a)  Hungary / b)  Constitutional Court / c) / d)  19-07-2013 / e)  19/2013 / f)  On the suspension of the entry into force of certain provisions of the Act on National Security Services / g)  Magyar Közlöny (Official Gazette), 2013/124 / h) .
Keywords of the systematic thesaurus:
Fundamental Rights - Civil and political rights - Right to private life.
Keywords of the alphabetical index:
Security legislation / Surveillance, continuous.
Parts of an amended Act on the rules of national security surveillance which introduced continuous surveillance were likely to be in breach of the Fundamental Law and were suspended on a temporary basis due to insufficient time for thorough constitutional review prior to their scheduled entry into force.
I. The Commissioner for Fundamental Rights turned to the Constitutional Court on 24 June 2013, seeking a constitutional review of the amendment which, if enforced, would allowed constant surveillance of targets by national security agencies and secret information collection for thirty-day periods twice a year.
The amendments on national security surveillance in the Act on National Security Services were passed on 21 May 2013. They would allow national security checks to be carried out not only prior to the occurrence of the legal relationship, but continuously after it as well. There would be no need for new cause or suspicion for repetition of the screening. According to the law-maker, the amendments were triggered by a corruption scandal involving high-ranking police officers and were aimed at removing opportunities for "graft by legal means", eliminating a five-year gap between the initial vetting procedure and a subsequent check.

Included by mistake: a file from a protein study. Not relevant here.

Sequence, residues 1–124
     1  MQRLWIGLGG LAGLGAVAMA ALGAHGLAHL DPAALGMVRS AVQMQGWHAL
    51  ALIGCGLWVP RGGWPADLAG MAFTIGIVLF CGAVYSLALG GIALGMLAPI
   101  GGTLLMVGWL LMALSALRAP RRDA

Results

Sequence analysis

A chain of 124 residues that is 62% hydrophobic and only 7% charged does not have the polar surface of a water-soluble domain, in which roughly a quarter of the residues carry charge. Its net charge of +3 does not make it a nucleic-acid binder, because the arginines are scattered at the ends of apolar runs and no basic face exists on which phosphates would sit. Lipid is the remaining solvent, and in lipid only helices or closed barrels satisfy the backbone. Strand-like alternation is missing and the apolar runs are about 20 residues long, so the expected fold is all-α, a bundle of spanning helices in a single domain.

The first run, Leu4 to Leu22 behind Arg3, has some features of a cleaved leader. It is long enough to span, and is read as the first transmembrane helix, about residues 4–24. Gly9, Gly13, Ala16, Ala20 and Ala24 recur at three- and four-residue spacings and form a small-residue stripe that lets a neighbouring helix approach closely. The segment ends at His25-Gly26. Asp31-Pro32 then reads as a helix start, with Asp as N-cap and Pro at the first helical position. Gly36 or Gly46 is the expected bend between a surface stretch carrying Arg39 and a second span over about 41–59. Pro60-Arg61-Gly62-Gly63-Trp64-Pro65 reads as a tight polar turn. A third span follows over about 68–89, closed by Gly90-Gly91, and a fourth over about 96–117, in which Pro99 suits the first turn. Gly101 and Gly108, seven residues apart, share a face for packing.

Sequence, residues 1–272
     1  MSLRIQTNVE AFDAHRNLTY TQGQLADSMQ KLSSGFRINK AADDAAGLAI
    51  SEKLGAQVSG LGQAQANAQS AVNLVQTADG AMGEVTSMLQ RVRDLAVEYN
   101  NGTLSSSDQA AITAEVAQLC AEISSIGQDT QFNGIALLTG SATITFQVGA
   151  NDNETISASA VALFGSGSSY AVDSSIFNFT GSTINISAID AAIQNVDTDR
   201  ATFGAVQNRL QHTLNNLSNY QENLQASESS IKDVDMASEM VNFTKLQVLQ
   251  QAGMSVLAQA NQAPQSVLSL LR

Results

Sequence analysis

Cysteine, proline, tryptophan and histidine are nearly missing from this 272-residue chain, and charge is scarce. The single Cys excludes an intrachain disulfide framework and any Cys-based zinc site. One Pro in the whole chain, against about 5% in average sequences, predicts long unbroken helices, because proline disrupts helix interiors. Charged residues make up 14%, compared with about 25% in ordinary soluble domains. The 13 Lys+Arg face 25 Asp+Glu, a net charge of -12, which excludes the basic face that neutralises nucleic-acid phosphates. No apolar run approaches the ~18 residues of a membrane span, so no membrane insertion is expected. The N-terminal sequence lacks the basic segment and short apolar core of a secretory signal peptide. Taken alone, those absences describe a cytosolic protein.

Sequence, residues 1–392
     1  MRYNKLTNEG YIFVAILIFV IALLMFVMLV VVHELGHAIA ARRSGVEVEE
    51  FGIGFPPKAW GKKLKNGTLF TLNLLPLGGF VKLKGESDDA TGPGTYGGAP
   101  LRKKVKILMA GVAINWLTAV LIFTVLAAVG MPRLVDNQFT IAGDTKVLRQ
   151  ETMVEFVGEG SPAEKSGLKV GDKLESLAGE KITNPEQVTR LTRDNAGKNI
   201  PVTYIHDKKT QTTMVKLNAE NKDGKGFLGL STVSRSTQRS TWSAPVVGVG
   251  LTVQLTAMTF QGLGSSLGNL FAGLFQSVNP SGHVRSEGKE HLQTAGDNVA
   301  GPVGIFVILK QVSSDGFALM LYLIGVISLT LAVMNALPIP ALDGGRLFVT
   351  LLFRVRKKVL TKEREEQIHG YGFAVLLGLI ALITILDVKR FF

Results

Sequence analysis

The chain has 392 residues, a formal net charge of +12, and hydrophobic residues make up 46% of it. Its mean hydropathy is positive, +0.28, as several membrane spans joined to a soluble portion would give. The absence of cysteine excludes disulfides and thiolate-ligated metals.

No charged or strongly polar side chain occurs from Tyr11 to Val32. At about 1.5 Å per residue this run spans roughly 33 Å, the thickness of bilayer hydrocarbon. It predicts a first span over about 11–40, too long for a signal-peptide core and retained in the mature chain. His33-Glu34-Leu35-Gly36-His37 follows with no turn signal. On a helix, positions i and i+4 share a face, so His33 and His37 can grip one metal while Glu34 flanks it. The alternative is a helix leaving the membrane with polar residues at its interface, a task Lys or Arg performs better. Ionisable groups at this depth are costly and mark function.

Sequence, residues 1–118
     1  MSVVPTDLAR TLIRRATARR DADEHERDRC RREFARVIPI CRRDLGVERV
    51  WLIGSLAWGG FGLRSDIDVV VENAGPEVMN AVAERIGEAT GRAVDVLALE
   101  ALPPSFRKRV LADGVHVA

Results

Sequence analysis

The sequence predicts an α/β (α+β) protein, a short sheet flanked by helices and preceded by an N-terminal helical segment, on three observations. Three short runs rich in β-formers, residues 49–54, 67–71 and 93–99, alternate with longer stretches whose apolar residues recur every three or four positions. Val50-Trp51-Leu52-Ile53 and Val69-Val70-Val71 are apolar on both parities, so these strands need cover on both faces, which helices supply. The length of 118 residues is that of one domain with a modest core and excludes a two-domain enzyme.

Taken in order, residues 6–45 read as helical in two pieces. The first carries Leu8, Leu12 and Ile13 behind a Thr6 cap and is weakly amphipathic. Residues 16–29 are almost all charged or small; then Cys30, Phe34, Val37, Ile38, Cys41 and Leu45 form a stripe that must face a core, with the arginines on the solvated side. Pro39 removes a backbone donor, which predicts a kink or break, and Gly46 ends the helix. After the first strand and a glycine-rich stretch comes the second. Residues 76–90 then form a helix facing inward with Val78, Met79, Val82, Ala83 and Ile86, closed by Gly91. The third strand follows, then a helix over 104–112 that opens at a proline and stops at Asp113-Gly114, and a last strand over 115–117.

The Commissioner contended that the mere fact that the person concerned has already undergone a national surveillance cannot be a sufficient reason for the use of intelligence tools for a relatively long-term period. The Commissioner also raised concerns over lack of external control over the planned surveillance and the fact that agencies would not be required to provide a concrete reason or aim for the monitoring activity, which would give the state an unfair power advantage over the individuals targeted in the surveillance.
Under the amendment, a ministerial decree and, in case of non-governmental agencies, the employer (with the consent of the minister in charge of the security services) would define the list of legal relations which require screening. The Commissioner argued that the amendment did not impose objective criteria on the ministerial decree and the employer’s measures and so the scope of those who fell under national security screening could be raised disproportionately. The Commissioner contended that, in line with international standards, the persons concerned must have the opportunity for recourse to the court or other legal bodies, if they considered their rights were ignored or violated without reason during the national security control.
II. The Constitutional Court decided on the suspension of the entry into force of certain provisions of the Act on National Security Services on 15 July 2013. The provisions in question allow those who fall under national security surveillance to be controlled during the whole time of their legal relationship. Secret information-gathering against them may be instigated twice a year for thirty days.
The Constitutional Court began to examine the petition but adjudication of the petition on its merits was not possible before the Act entered into force on 1 August 2013. According to the Act on the Constitutional Court, the Court may decide on temporary suspension of the entry into force of a legal regulation which has been enacted but has yet to enter into force – if it considers the regulation may be contrary to the Fundamental Law and if suspension would result in the avoidance of serious and irreparable damage or disadvantage, or the protection of the Fundamental Law or legal certainty.
The Constitutional Court found that the regulations in question posed a serious restriction on the right to inviolability of private life and were likely to be in breach of Article VI.1 of the Fundamental Law. It suspended their entry into force.